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Cancer study just one piece of the puzzle

Published: Fri 5 Aug 2011 05:10 PM
05 August 2011
Cancer study just one piece of the puzzle
Federated Farmers is interested to find out more about Massey University research around growing up on livestock farms and a possible association with increased blood cancer risks.
However, Dr William Rolleston, Federated Farmers vice-president and Hazardous Substances and New Organisms (HSNO) spokes person says the study is just one piece of a very large puzzle.
“The study headed by Massey University Centre for Public Health researcher Andrea ‘t Mannetje raises some interesting findings around the risks of blood cancers in relation to different farming types, but there are some inconsistencies which need more explanation,” Dr Rolleston says.
“One is that crop farmers use more chemicals than livestock farmers, but it appears that children from crop farming backgrounds have a lower incidence of these cancers.
“The issue is one of cause and effect, which has not at this stage been shown. We should always treat such results seriously, but I think more information is needed to take any special precautions other than common sense safe practices.
”There may be other reasons why this result is as it is; chance or delays in getting to see the doctor for example.
“The report does raise the point that farming’s healthy lifestyle could be a contributing factor towards lower mortality rates from other common causes of death such as other cancers and heart disease, thereby making blood cancer factors stand out.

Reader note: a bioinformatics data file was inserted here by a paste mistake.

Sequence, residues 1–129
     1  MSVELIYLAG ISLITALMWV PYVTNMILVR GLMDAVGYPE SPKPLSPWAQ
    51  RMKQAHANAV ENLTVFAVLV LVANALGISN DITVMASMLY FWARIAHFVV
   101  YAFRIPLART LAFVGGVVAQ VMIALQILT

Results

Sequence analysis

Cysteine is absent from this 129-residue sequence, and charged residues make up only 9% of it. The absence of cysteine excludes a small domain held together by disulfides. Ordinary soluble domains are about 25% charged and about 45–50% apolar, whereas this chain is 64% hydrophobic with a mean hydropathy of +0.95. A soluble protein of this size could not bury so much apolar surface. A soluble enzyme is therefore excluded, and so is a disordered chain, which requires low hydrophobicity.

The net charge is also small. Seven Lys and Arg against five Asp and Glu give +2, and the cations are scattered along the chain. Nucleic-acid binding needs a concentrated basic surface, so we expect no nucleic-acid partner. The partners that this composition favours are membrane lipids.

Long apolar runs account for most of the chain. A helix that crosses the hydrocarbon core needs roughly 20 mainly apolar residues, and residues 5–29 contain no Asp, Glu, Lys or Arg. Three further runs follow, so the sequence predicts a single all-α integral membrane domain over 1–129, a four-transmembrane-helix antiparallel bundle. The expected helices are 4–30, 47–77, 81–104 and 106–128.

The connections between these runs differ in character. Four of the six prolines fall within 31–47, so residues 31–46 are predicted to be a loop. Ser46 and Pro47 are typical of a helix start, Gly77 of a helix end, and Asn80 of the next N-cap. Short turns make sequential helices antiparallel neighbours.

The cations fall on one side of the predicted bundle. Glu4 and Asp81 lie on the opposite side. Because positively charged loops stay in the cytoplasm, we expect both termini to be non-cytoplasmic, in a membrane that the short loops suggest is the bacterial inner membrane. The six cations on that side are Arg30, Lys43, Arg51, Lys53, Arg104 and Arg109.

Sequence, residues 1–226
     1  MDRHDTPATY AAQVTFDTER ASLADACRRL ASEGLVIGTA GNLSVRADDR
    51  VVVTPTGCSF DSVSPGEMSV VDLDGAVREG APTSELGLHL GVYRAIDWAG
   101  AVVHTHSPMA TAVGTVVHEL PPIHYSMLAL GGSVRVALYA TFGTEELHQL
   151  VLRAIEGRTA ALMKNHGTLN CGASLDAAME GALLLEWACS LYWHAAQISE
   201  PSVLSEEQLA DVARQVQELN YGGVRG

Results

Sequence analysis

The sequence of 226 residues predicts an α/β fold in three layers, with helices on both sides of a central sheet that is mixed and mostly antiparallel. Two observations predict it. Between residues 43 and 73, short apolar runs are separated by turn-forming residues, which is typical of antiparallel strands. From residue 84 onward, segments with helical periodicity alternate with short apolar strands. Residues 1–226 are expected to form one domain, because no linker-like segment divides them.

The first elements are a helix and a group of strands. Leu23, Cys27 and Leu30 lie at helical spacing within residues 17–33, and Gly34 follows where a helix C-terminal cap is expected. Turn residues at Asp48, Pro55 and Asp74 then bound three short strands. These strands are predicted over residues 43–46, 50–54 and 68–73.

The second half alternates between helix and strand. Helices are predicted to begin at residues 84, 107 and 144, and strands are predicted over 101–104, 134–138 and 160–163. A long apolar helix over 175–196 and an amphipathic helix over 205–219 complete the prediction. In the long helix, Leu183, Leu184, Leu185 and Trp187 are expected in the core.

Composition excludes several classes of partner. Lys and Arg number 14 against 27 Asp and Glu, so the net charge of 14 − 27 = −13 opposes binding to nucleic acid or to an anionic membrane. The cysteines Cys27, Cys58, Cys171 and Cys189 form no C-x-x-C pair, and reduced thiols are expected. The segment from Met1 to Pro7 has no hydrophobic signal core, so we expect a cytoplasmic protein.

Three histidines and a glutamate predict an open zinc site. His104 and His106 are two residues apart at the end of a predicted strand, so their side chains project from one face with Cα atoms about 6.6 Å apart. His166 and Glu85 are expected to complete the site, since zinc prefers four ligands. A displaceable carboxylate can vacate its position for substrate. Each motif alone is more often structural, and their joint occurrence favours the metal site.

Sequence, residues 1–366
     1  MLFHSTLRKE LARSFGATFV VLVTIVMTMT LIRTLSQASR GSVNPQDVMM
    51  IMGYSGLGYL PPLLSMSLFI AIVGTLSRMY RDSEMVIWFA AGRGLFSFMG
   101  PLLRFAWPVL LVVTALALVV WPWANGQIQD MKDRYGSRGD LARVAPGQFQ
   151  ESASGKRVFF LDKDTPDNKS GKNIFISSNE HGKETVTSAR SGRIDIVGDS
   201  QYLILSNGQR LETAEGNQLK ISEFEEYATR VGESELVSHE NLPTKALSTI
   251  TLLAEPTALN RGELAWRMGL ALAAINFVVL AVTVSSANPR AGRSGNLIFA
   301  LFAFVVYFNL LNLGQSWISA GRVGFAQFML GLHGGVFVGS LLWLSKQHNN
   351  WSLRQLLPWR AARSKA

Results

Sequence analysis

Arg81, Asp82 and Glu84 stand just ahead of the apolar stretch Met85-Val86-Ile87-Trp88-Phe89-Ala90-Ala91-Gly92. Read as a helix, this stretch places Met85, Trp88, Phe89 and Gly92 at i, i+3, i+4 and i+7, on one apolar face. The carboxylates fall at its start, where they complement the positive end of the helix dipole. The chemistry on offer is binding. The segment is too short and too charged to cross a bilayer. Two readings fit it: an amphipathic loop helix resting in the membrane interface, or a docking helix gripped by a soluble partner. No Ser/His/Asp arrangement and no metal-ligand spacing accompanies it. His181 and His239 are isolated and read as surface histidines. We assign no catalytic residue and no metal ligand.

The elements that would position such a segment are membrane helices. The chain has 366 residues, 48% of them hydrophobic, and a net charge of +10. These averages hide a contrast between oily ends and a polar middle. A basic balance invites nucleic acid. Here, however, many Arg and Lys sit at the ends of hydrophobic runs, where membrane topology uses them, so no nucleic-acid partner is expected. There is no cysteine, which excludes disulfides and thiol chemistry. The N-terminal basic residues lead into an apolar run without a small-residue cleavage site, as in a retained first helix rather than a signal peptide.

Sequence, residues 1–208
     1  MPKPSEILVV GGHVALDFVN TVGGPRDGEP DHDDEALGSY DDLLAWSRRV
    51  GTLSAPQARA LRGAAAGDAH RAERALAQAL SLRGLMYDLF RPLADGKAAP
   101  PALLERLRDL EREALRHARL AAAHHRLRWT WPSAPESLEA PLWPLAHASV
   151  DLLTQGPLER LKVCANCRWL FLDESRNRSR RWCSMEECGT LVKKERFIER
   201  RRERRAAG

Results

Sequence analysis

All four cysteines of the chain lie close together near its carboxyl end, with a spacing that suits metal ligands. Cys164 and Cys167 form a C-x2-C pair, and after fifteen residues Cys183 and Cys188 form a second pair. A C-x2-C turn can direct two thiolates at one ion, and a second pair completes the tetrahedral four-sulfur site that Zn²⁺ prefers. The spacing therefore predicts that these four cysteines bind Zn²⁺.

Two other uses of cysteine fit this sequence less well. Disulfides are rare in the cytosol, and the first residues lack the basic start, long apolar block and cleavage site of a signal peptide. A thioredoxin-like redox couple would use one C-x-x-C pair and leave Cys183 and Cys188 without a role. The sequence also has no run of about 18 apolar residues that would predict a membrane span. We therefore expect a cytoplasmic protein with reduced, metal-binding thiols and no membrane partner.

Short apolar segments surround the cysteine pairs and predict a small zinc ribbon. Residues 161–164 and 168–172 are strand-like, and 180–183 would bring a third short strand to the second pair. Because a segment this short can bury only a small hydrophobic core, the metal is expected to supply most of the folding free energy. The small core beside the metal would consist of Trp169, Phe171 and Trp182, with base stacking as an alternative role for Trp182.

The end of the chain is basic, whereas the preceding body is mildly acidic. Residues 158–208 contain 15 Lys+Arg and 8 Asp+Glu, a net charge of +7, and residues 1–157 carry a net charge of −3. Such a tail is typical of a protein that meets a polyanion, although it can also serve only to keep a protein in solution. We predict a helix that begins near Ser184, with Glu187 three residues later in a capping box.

“It also states there has been little by way of comparable studies done overseas and I think there needs to be more work on how the results compare with international studies.
“I also note the authors say that chemical use might not be the only cause of higher than normal rates of blood cancers, but wonder if contact with animals has somehow altered the immune system development of children on farms. This is getting very speculative.
“Federated Farmers will be watching any further developments in this field of research but see it as just one piece in a jigsaw puzzle. We remain fully committed to the ongoing development and use of health and safety practices which go on already on farms.
“This is just another reminder for farmers to continue to use safe practices and follow guidelines,” Dr Rolleston concluded.
ENDS

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